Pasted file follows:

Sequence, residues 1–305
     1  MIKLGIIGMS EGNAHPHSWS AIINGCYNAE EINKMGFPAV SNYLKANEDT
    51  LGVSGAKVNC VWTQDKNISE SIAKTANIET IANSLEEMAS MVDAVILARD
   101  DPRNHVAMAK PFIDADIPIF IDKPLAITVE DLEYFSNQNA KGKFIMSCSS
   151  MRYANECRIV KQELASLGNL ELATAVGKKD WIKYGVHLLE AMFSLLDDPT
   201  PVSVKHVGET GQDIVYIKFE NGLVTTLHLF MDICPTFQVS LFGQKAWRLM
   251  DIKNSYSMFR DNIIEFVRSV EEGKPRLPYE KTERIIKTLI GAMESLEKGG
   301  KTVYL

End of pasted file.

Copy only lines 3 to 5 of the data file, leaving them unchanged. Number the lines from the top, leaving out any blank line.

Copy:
    51  LGVSGAKVNC VWTQDKNISE SIAKTANIET IANSLEEMAS MVDAVILARD
   101  DPRNHVAMAK PFIDADIPIF IDKPLAITVE DLEYFSNQNA KGKFIMSCSS
   151  MRYANECRIV KQELASLGNL ELATAVGKKD WIKYGVHLLE AMFSLLDDPT